The Agnipath Scheme was meant to give a push to the enrolment of women as Personnel Below Officer Rank (PBOR). However, an editorial in The Print has highlighted the way the Army has had a restrictive policy in which only 83% of women are serving in the Corps of Military Police (CMP).
Initially, the Indian Air Force (IAF) and Indian Navy (IN) allowed women to serve in all branches for both air warriors and sailors. As many as 726 and 155 women, respectively, are serving in the IN and IAF as of August 4, 2023.
The editorial however points to a gender-agnostic policy for recruitment of women as PBOR in all arms and services, save close combat arms, infantry and mechanised forces.
The military, the writer believes, is resistant to change.
Since equal opportunities for men and women in the armed forces are now guaranteed by the Constitution’s Articles 14, 15, and 16, as well as by Supreme Court rulings and governmental policy, it has become a legal requirement. The military had steadfastly opposed this extensive change. And it was clear that the hierarchy had a closed mentality, the writer observed.
He added that the change should have started from the name. Agniveer essentially symbolises the male warrior. Agniveerangna could have been an appropriate new name.
Stressing the need to address the gender quota, the writer has said that there should be no dearth of volunteers, given the size of the women population and the unemployment crisis.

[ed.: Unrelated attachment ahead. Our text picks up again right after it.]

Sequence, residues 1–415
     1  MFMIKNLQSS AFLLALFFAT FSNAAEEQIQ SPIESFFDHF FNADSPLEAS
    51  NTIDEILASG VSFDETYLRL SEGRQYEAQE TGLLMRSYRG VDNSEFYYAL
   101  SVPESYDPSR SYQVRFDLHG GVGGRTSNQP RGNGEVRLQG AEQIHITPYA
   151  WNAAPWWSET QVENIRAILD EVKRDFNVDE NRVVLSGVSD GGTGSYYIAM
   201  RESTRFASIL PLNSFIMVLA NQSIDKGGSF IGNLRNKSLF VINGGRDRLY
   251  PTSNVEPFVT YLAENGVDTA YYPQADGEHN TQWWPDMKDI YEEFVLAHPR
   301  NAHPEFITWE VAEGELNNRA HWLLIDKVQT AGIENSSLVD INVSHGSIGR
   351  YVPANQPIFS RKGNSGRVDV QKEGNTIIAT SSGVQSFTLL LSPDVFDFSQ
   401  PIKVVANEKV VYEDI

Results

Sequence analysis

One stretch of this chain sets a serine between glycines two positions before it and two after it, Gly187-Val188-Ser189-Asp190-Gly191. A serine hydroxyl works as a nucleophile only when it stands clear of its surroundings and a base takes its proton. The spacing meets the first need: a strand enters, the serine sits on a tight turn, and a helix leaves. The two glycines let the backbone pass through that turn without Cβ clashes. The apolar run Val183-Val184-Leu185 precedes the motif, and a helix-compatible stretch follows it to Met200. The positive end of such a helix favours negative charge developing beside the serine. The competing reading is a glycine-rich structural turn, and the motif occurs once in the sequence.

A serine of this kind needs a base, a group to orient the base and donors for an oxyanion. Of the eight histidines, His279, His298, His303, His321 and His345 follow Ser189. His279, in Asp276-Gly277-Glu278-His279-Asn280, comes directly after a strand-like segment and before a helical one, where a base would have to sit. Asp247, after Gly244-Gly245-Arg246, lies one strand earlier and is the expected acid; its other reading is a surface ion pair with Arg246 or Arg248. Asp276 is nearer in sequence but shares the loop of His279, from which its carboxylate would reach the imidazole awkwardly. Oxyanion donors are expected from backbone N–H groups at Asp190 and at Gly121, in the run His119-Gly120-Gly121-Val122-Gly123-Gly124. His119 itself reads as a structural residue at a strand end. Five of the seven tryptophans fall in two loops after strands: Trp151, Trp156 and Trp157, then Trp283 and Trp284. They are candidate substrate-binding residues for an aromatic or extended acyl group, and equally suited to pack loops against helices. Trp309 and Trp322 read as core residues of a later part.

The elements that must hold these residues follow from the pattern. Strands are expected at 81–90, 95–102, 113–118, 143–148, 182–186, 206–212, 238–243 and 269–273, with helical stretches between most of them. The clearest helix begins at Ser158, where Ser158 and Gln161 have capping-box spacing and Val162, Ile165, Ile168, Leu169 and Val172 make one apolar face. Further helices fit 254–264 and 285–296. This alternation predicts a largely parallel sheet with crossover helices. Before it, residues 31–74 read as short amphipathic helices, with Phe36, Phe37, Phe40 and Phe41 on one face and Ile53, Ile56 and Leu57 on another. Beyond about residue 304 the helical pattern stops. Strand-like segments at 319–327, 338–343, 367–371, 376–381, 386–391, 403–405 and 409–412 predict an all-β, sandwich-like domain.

A section in The Print editorial reads, “In 2022, out of the 10 lakh individuals who applied for Agniveer enrolment in the Indian Navy, 82,000 were women (8.2 per cent). In 2019 and 2020, 1.6 lakh women applied for the 100 vacancies in the CMP.
However, this (enrolment in CMP) was before the Agnipath Scheme was implemented. The Central Armed Police Forces (CRPF) have been able to enrol only 3.69 per cent of women despite permanent enrolment, contributory pension, service up to the age of 60 years, and 15 to 33 per cent reservation for women since 2016.”
Supporting his analysis with numbers, the writer says that the average percentage of women in militaries worldwide ranges from 4 to 16%. Israel is an exception to mandatory conscription, with 34% of its armed forces comprised of female members. Any military should ultimately aim to create a merit-based, gender-neutral admissions process that takes into consideration women’s bodies when administering fitness tests.
Further on this, the writer adds that the resistance to women being drafted into the military has been their standards for physical fitness and their capacity to endure the demands of military duty. He believes that while women have some physiological restrictions, gender-neutral standards ought to be implemented in the military.
Another pertinent issue, the writer outlined, was sexual harassment and assault by coworkers, superiors, and subordinates. The issue is aggravated because people in the 20–40 age group function close to one another. He believes that consensual sex with people while on duty, against military laws and regulations, is another issue that must be dealt with on a war footing.